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Raph Koster

"Games are unique among all forms of culture because they engage both the Machiavellian and the Erasmian, the play and the art brains, at the same time."

Interesting... Not sure that is *precisely* true. After all, when we dig into many other forms of art, we find that they are also driven by certain sorts of logic and rules, and the play brain may very well engage with them in a sort of "puzzle solving" sense and try to "solve" them. The distinction might lie in the fact that typically other media implicitly impose an answer; eg, music is driven heavily by the concept of leading tones, and in effect "answers itself."

There are also works of art in other media which do not in fact provide answers and also feature elements of goal choice or solution choice... thinking here of everything from improvisatory theater stuff to dance to music like John Cage's 4'33", works of sculpture where specific perspective matters, or book-length works like Cortazar's Hopscotch.

Not to disagree with the core point, of course. Just pointing out the lines get pretty blurry there.

Joe Cooper

I've always been bugged by the "are games art?" debates not only because of the horribly obvious validation component but because not only is "art" often ill-defined but "games" are too. When we say "video games" we are often talking about "interactive entertainment products" which sometimes - but not always! - feature gaming as a component, dressed up with a lot of art. Is art art? Of course it is.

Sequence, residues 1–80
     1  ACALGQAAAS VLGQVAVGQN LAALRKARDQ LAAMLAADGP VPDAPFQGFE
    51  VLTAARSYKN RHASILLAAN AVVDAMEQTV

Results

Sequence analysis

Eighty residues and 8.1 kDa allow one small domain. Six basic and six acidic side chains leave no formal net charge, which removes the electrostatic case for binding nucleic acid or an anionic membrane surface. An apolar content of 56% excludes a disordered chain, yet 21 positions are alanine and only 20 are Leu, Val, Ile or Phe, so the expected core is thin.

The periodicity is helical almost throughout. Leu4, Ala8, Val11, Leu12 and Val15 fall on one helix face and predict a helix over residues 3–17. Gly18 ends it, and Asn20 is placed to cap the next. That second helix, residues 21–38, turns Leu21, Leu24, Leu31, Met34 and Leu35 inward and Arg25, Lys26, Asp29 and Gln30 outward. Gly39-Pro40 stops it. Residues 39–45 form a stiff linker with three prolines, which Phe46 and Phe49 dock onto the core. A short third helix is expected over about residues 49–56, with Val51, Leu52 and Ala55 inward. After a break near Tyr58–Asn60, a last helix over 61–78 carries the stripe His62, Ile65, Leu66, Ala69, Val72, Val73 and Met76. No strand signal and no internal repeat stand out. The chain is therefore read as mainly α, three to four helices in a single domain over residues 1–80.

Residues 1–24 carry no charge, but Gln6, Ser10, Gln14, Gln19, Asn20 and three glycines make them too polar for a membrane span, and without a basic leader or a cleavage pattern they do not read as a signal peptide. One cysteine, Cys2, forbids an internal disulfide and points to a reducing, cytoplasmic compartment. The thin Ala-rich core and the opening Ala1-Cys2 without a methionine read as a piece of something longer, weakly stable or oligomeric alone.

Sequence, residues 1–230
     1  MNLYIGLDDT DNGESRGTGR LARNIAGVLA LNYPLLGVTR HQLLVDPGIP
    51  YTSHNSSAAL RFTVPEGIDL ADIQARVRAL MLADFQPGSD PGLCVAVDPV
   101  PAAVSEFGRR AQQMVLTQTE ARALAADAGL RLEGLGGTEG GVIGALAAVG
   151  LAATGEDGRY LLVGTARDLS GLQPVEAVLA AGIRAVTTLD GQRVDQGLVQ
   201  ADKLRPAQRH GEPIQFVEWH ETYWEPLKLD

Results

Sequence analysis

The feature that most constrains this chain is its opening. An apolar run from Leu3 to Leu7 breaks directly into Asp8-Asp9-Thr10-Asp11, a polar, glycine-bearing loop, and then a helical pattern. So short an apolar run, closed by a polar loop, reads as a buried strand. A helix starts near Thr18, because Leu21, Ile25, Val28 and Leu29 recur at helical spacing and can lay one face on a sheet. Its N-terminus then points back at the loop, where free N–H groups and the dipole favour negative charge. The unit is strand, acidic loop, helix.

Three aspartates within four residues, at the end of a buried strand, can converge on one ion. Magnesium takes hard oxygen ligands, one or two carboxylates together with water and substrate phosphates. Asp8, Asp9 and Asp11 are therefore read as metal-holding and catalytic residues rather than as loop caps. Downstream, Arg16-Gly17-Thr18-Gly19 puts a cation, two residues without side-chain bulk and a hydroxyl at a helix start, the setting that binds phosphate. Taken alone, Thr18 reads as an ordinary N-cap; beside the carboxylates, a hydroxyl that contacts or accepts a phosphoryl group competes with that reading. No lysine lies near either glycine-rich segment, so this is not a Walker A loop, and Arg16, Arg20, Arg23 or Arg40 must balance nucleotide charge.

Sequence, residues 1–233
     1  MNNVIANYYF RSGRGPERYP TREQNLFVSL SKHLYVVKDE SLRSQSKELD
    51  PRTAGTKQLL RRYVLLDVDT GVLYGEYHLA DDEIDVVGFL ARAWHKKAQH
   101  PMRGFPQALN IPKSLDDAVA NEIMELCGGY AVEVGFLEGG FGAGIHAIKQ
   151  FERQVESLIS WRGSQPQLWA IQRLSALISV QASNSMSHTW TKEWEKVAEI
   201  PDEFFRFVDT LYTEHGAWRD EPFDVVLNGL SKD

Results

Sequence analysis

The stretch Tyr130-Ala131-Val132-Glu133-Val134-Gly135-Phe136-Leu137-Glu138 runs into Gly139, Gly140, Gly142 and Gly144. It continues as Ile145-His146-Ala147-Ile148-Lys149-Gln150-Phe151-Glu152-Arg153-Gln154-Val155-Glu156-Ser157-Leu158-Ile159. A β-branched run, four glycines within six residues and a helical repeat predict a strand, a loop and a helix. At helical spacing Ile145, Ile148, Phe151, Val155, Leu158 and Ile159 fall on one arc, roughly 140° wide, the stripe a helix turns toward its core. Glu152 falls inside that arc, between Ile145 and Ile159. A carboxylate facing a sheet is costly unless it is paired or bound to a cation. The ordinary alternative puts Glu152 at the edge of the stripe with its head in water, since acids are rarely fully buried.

In any case, all this and your talk of roles and the play-art brain separation reminds me of Braid.

Braid breaks a number of fads and conventions of the '00s including immersion and so forth by treating "listen to story" and "solve puzzle" as different roles in the most overt way possible; dropping opaque prose between the levels and showing you paintings with no clear connection to the play section.

And as it happens it works just fine (at least it did for me, the wife and a friend of mine.)

Then at the end is that it uses the mechanic established in the play sections to communicate one more point to reframe all the story & art components you were shown leading up to the end.

I think it's interesting at least because certain components (the prose and paintings) are explicitly not dressing up the game. The reverse seems to be true; the time mechanic is used at the end to express one more point and the different time puzzles leading up to it could be seen as a storytelling tactic to cultivate an idea that there is no relation so it can come a bit out of the left field with it.

Taking a step back, is the product as a whole an art piece? I think in this case, sure, but is the game art? Is running back and forth figuring out a key art? No, and I think that why it works so well is that it seems to realize this and doesn't pretend you are the dude in the red tie.

And, if you enjoy the art of it before the ending as I did, than you've seen it work with no apparent relation to the gameplay whatsoever.

Ironically, I think that may be a point we once understood but everyone just forget. FF7 and MGS and others enthralled millions with their long talky sections entirely because they worked largely as a separate... Thing... From the play.

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